in his arbitration reward. Why is this relevant? I think he should hire Avery's agent and the NHL should re-vamp the arbitration process. Both are 27. The difference between the two is Hunter scored goals in the playoffs and has more career goals than Avery (and may've had more hits last season). Splitting the difference is a cop-out and takes little thought. Perhaps these arbitrators should be doing a bit more work.
I'm not sure there's much the NHL can do to make the arbitrators put "more effort" into it. Aren't they all independent arbitrators and are not affiliated with the NHL in any way? The only thing the NHL could do is change the rules of the CBA to somehow discourage simply splitting the difference. And I'm not a fan of the "one or the other" type of rulings.
Maybe the players and teams should pitch better cases? I honestly don't think that this is really an indication of a broken arbitration system. That's just really how it works. Apparently Hunter either lowballed himself with his starting point, or he and his agent weren't as good at arguing their case than Snow was.
I agree that arbitrators need to do more work. While splitting the difference may seem to be fair with two players that appear to be exactly the same, we all know that none really are. Putting a $ figure on intangables is impossible. Is Avery worth 400K more than Hunter? Some will say no, if you look at the numbers. Others will say yes, if you look at Averys impact on a team, other than the numbers. The problems are always going to be what price, who will pay it, does the team need it, and is the player worth it.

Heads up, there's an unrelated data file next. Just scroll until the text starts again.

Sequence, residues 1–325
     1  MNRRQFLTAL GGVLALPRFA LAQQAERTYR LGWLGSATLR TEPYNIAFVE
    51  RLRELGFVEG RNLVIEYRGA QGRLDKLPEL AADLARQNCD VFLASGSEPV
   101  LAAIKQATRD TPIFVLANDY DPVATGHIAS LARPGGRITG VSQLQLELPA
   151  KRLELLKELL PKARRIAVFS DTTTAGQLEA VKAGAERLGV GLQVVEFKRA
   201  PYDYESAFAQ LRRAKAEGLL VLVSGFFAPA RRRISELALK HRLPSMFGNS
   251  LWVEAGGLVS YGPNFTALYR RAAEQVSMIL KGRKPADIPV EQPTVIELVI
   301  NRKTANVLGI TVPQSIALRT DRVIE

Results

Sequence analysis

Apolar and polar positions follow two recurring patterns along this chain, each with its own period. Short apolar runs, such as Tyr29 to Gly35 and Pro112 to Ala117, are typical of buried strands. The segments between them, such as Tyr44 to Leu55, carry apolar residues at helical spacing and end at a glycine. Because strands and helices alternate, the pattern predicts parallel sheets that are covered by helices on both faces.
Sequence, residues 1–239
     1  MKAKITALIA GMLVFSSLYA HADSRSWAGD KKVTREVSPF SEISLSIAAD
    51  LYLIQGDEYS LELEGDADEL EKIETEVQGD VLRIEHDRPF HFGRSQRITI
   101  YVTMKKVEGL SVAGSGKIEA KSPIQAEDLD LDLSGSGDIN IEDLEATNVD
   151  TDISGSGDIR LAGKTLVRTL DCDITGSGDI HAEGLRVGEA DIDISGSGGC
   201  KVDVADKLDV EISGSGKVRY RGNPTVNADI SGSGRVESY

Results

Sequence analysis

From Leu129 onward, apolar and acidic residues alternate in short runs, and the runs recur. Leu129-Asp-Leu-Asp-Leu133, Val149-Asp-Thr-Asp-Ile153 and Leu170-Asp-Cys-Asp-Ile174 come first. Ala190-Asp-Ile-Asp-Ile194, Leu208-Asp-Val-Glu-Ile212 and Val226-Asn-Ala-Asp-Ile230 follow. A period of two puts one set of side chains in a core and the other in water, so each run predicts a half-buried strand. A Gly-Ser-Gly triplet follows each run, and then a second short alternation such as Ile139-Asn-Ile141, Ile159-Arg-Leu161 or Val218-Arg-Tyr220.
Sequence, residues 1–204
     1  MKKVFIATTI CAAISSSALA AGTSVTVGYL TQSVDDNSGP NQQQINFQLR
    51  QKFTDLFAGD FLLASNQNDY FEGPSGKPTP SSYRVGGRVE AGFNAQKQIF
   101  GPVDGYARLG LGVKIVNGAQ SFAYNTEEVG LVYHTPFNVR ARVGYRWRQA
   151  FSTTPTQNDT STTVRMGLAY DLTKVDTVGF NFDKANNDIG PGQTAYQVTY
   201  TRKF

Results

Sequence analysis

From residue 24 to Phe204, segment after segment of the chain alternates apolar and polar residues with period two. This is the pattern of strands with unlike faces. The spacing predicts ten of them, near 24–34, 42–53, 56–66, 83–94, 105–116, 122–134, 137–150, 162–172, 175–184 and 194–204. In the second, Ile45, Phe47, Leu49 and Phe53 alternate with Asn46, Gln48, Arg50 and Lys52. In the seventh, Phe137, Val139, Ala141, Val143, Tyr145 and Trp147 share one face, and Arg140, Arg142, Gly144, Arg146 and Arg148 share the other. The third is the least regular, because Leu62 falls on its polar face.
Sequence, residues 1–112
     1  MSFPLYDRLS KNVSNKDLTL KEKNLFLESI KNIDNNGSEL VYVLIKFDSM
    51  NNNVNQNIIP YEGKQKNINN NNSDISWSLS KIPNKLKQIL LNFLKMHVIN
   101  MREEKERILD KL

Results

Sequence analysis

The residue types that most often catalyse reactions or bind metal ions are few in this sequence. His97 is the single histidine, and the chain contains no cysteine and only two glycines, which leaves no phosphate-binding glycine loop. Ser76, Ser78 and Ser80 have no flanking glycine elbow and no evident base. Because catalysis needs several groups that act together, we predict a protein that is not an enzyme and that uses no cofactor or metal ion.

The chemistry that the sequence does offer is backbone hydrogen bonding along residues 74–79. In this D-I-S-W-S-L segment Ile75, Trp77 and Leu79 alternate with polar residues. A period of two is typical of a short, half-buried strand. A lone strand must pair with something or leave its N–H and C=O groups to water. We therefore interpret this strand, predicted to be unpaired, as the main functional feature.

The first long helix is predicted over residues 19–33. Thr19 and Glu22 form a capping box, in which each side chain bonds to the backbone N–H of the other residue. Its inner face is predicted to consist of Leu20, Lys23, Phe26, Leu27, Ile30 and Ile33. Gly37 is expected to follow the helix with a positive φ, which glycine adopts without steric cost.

I think the only reason the arbitrators seem to be splitting the difference is because both the teams and the players are submitting numbers that are equidistant from what the arbitrator feels the player deserves. In other words, both sides are doing their research and submitting numbers that are reasonably close to what the arbitrator is going to rule. I guess by now many GMs and player agents have a good feel for what the arbitration awards will be for any particular player.
I'm sure that if Sather submitted $1.3-million for Avery, and Avery's agent submitted $5-million, the arbitrator wouldn't be splitting the difference in that case (where the midway point would be $3.15-million).
So although it might look like they're just splitting the difference, to me it looks like it's really the result of teams and players having predicted each others offers and adjusting their own accordingly to "lead" the arbitrator to a specific salary.
I also think both sides have been very good at pleading their cases. When each side is equally convincing, what's left for the arbitrator to but to meet them in the middle?
and high awards. I don't know what goes through an arbitrator's mind when deciding awards. I've gone through the process at work - and it is ugly and the award made little common sense (at least the basis for the award).
If I had been Avery's rep in his arbitration case (a humorous scenario, to be sure), I would have presented one major point:
NYR's record prior to his acquisition and following his arrival.
His impact - both to those who watch the game and those who lazily memorize numbers (in this case, a team's record) - was stark.
I'm actually pleasantly surpised at Hunter's award number. It was frankly what I would have expected NYI to offer him. He is a very solid, reliable and multi-dimensional player, albeit not an elite differencemaker, by any stretch.